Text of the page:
At DMSO concentrations lower than 10%, alizarin did not completely dissolve in the reaction mixture. As shown in Fig. 1a, increasing the concentration of DMSO in the reaction mixture caused a gradual decrease in recombinant DyP activity. Notably, however, the degrading activity of DyP towards the general substrate RB19 and alizarin followed a similar pattern. For instance, in reaction solutions containing 20% DMSO, the degradation activity of DyP for RB19 and alizarin was 5.5 and 4.6 μM/min, respectively, indicating that both alizarin and RB19 are good substrates for DyP. An examination of the kinetic parameters of recombinant DyP toward alizarin were not able to yield kcat values because of DMSO inhibition. As shown in Fig. 1a, DMSO in the reaction mixture reduced activity by up to 23% compared to the reaction without DMSO.
We also examined the optimum pH for degradation of alizarin by recombinant DyP. Recombinant DyP exhibited activity towards alizarin within the pH range of 3.0 to 5.0, and degraded most alizarin at pH 3.2 (Fig. 1b). These results are consistent with pH profiles for RB19 degradation activity, for which the reported optimum pH is 3.2 (Sugano et al. 2000).
B. adusta Dec 1 growth in plate cultures
In initial experiments, we tested the effect of alizarin on B. adusta Dec 1 growth in plate cultures. As shown in Fig. 2, DMSO had no effect on B. adusta growth. After an initial lag phase (~ 25 h), B. adusta growth, measured as an increase in mycelia diameter, increased over time at all concentrations of alizarin tested. At a relatively early point after inoculation (69 h), the diameters of mycelia varied depending on the concentration of alizarin, with increasing concentrations of alizarin resulting in smaller diameters (Fig. 2). However, after 101 h, the growth rate (slope) was largely unaffected by alizarin concentration, suggesting that alizarin hampers growth at an early stage of plate culture, but not after middle stages of culture. Also, alizarin did not affect hyphal morphology in B. adusta Dec 1. Furthermore, the mycelia of B. adusta showed no change in color following culture with alizarin (orange-colored solution in DMSO), indicating that alizarin was not absorbed by mycelia.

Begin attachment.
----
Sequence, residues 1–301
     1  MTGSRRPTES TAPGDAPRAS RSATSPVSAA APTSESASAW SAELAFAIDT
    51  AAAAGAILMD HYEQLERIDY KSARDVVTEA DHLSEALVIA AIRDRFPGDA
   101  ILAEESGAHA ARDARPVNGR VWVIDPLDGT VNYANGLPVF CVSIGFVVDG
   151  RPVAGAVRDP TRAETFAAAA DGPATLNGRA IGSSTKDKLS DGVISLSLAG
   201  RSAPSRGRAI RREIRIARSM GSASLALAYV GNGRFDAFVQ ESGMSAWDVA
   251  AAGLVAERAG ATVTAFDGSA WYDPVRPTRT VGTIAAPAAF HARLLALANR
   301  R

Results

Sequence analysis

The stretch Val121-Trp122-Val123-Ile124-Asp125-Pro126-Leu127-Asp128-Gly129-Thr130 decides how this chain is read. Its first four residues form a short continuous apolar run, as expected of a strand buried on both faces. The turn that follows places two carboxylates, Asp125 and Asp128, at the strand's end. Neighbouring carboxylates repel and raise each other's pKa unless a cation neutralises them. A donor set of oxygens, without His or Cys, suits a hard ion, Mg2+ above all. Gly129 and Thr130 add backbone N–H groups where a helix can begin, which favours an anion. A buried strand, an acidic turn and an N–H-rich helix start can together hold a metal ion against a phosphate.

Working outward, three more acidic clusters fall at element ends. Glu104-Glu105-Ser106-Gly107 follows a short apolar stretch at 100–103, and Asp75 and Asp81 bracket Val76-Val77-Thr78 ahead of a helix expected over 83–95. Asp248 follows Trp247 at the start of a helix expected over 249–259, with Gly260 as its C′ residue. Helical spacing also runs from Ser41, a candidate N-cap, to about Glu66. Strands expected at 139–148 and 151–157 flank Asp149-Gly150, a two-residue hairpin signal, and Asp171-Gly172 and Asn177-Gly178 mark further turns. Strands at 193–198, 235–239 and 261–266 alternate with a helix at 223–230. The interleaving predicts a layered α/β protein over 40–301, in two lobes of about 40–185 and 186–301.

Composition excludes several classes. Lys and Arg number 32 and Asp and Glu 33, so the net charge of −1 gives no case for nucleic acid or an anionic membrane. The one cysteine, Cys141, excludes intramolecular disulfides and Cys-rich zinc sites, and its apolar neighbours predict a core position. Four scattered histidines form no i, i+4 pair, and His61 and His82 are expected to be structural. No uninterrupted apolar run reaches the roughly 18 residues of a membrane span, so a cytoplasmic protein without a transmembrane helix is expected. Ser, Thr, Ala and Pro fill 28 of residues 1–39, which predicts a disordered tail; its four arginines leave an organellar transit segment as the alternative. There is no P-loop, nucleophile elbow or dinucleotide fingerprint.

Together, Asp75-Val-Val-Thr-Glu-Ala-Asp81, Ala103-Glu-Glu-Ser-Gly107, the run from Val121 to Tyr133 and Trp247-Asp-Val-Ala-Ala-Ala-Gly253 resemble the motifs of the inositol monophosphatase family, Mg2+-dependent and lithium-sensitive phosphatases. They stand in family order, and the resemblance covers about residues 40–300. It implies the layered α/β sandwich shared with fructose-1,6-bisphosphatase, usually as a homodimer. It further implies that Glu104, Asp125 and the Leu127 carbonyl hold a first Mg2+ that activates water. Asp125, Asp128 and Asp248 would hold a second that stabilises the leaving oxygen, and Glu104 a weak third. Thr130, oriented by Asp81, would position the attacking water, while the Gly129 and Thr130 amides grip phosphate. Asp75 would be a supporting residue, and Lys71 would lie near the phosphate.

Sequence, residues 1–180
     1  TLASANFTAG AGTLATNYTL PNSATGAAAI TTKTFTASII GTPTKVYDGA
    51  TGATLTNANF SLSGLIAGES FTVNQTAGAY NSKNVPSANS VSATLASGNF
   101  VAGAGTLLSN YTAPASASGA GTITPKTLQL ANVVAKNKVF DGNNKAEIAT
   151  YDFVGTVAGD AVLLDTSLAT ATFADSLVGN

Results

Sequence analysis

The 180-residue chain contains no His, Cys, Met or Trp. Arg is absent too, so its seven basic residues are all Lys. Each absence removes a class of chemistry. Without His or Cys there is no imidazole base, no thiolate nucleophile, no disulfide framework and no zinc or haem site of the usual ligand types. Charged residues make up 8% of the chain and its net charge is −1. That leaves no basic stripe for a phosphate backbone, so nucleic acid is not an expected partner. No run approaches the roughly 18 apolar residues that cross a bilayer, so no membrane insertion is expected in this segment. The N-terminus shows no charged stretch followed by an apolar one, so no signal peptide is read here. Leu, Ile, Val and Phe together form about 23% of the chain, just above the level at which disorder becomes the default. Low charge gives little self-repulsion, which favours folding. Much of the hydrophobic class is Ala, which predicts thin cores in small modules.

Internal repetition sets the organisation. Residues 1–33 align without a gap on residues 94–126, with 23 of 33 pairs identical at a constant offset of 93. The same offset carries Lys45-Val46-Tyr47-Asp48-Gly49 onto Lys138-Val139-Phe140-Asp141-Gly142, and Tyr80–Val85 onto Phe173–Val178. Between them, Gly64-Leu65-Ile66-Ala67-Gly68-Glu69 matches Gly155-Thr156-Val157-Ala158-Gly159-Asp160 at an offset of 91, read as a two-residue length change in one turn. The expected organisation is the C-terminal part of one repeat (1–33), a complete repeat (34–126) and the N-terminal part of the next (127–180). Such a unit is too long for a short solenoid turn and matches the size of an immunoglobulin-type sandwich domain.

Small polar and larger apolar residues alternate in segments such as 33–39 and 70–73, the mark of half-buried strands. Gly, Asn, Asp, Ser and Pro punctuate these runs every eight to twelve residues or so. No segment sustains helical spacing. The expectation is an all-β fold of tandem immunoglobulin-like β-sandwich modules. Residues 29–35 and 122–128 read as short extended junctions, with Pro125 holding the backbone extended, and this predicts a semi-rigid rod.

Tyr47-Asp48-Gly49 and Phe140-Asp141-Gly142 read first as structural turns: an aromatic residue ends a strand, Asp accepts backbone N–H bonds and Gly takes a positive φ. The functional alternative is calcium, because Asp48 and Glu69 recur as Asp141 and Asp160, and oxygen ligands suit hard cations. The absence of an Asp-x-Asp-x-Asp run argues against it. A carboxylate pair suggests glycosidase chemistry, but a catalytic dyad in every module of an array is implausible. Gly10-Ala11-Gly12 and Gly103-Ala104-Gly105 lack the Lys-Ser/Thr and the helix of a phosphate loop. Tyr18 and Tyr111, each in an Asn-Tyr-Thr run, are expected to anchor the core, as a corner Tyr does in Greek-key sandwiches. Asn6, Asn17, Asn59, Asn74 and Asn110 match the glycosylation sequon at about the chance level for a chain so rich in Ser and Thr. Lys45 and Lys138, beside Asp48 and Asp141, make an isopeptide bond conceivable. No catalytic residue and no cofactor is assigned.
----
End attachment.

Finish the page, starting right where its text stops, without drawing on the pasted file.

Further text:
Time-dependent decrease in alizarin concentration in liquid shaking culture
The time course of changes in alizarin concentration following inoculation with 100 μM is shown in Fig. 3. Interestingly, 36 h after inoculation, the alizarin concentration had decreased to 58 μM and stabilized at a very low level (< 5 μM) by 60 h. This indicates that alizarin was nearly completely degraded at an early stage in culture; if true, DyP must act efficiently at an early stage. In subsequent experiments, we sought to confirm this early-stage action, investigating effects within 48 h after inoculation with 100 μM alizarin.
B. adusta growth in liquid culture
To further assess the effect of alizarin on B. adusta growth, we measured cell mass accumulation over time in liquid cultures. A time course of cell mass accumulation following treatment with 100 μM alizarin is shown in Fig. 4a. Alizarin (100 μM) caused a decrease in dry cell mass compared with control cultures without alizarin at all sampling times.
DyP activity in liquid culture
We next assessed DyP activity over time in liquid cultures of B. adusta, with or without alizarin. Time courses of DyP activity, expressed as milliunits per milliliter (mU/ml) of culture broth and milliunits per milligram (mU/mg) dry cell mass, are shown in Fig. 4b, c, respectively. Notably, DyP activity per cell mass in the presence of alizarin was approximately 3.5-, 3.1-, and 2.9-fold higher at 24, 30, and 36 h, respectively, than that observed in control cultures without alizarin (Fig. 4c). This suggests that DyP activity per cell in liquid cultures containing alizarin is greater than that in cultures without alizarin.